Abdul Basir

How the game of soccer and L.A.C.E.S. brought him a new found passion.

Written by: Leah Thirkill

In November, L.A.C.E.S. hosted its 12th Annual Benefit Dinner in Washington, D.C. where our Founder and Executive Director, Seren Fryatt was able to share the 12 year journey that our organization has had and the purpose L.A.C.E.S. hopes to pursue in the coming years. Attendees were able to read the stories of children in our programs in Liberia and learn about their growth while with L.A.C.E.S. These first hand experiences described the lives of our youth affected by devastating societal poverty, the aftermath of the Ebola crisis and Liberia’s long civil war. As important as these stories are to L.A.C.E.S., I, however, would like to talk about another story that was shared that night, the one of Abdul Basir Wahidi. 

But first let me give you a little background about Abdul Basir. He is a 15 year old, originally from Afghanistan. He is one of 6 living children of a mother who has borne 13 in total. Of the 6, he finds himself the middle child with teasing older siblings and two younger siblings that he gets to pester in turn. He is part of a lovely family that always opens their doors and hearts to Seren and I when we stop by to visit. They arrived in the US, on October 10th, 2017, the date memorized by all the older children. Abdul Basir would have been 12 years old when they made their move, but he did not hear about L.A.C.E.S. until his friend told him about it a little over a year and a half ago. Since then he has participated in our program throughout the year until he finally aged out during the summer of 2019 and became an assistant coach himself!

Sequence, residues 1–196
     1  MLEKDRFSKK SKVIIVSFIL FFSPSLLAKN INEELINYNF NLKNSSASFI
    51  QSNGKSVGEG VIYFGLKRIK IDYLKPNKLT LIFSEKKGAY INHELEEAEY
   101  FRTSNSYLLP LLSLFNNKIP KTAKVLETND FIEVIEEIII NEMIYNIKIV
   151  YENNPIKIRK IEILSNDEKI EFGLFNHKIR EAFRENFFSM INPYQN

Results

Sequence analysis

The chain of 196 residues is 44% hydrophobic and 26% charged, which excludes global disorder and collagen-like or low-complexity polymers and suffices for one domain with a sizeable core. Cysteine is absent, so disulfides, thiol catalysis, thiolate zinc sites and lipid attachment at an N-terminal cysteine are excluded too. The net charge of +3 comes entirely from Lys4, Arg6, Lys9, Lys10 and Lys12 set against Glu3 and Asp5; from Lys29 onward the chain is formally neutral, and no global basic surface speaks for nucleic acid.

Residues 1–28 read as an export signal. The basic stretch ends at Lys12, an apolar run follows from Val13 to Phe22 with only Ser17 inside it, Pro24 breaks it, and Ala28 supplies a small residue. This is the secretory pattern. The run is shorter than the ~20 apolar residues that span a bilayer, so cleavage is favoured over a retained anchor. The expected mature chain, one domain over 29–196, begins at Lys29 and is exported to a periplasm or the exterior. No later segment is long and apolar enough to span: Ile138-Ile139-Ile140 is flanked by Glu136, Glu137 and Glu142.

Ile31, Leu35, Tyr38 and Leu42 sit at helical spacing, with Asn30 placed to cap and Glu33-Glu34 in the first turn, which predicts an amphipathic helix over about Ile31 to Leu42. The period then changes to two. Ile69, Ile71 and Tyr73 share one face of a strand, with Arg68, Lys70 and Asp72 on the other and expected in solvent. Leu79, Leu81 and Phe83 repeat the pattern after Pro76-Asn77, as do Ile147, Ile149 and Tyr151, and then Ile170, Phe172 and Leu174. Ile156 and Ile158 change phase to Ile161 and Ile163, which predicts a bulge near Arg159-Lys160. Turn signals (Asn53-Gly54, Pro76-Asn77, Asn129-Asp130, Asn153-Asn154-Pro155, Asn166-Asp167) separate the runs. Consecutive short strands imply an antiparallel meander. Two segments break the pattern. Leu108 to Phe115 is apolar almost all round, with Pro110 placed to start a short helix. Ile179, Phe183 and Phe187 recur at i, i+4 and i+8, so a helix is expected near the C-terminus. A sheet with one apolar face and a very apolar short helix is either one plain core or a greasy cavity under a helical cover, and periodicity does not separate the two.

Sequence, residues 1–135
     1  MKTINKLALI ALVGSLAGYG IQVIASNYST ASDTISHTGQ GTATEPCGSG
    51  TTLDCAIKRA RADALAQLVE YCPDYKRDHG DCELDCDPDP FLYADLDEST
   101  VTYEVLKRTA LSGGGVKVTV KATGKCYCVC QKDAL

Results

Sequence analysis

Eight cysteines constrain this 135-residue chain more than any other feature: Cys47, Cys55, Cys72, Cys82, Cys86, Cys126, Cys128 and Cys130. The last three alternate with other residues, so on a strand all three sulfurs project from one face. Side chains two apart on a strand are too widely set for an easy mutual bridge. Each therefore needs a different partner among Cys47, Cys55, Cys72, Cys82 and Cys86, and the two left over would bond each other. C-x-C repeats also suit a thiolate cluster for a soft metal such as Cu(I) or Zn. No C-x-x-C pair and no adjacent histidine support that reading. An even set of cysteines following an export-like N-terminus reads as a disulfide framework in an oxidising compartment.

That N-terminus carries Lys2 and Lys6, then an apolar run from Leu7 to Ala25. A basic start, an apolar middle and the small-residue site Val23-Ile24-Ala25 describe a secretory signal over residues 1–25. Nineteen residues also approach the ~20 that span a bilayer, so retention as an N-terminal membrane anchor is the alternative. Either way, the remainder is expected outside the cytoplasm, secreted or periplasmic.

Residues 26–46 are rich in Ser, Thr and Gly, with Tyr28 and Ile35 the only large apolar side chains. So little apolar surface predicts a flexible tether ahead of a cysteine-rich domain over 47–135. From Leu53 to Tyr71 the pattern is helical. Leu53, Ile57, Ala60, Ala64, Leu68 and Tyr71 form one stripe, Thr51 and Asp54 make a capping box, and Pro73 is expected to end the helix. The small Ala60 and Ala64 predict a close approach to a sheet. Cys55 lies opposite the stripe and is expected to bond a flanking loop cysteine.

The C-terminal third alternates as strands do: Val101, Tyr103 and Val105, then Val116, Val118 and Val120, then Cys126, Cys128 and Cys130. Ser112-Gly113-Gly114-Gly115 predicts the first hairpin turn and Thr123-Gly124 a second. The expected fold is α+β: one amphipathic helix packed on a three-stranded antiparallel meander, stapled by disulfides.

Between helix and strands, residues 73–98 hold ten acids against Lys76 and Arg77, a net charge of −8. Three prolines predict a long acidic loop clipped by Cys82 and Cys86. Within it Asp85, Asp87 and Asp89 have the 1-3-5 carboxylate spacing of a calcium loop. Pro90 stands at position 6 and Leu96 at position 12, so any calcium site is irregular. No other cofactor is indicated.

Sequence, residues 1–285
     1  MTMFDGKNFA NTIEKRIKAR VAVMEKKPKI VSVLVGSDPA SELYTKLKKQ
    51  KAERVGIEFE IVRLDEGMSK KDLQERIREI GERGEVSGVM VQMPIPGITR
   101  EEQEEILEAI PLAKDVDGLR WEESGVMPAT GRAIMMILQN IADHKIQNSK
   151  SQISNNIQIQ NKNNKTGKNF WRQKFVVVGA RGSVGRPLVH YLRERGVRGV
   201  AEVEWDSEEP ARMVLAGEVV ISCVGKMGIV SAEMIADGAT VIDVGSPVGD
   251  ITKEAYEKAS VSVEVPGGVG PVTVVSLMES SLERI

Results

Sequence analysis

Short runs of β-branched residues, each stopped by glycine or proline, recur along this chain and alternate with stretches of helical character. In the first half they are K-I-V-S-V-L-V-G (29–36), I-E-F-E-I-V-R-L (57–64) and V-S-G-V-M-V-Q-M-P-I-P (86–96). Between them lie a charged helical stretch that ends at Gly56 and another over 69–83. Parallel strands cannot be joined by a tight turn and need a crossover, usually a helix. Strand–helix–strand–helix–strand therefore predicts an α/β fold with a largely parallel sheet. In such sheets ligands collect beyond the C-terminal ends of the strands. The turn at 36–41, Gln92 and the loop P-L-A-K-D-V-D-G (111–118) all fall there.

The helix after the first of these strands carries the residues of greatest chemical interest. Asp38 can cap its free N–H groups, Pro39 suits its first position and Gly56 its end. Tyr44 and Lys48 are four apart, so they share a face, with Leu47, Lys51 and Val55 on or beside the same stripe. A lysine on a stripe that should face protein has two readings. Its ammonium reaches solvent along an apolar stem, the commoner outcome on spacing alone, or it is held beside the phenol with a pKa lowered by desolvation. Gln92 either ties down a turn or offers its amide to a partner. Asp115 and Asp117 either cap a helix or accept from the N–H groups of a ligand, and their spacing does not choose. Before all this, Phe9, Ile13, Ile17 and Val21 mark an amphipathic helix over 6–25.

At our dinner, he and his spring league soccer coach, Holly sat on a panel. He was nervous and shy while sitting in front of the 80 people in attendance, but he nevertheless made an impression. Although there are no recordings of that night, I have compiled and compressed an interview of the stories shared over the multiple exchanges we had in preparation for the dinner. 

Seren: When did you first start playing soccer?

Basir: I didn’t play soccer before, I learned to play soccer at L.A.C.E.S. and now play with friends and people from my neighborhood after school. 

Seren: What does soccer mean to you? 

Basir: It is life. When I play I am happy, and when I’m not, I am watching my friends play video games, and I do not want to do this, I want to be outside playing soccer.

Seren: How did playing with L.A.C.E.S. when you first came to the U.S. help you? 

Basir: I learn many things, I learn respect, and soccer skills like dribbling. With my teammates I have learned English with the help of teammates, because while in school, I can talk with others from my country but with L.A.C.E.S. we are from all over so we have to speak English.  

Seren: There are people from different countries on the teams you played on, what was it like playing soccer with people who are from different cultures?

Basir: When we play, everybody is the same to me, there is no difference between us, we are one team. 

Seren: What was it like being coached by Coach Holly? What did she teach you?

Basir: Coach Holly is cool. She teach me many soccer skills like dribbling, and passing. She also teach me respect.. Respect is very important, I see on YouTube video clips of many pro-players who have not learned this and it make me angry to see this.

Seren: What did you like about being a coach for L.A.C.E.S. at our Summer Soccer Camp?

Basir: I like being coach because I get to help others and teach others like Coach Holly helped me.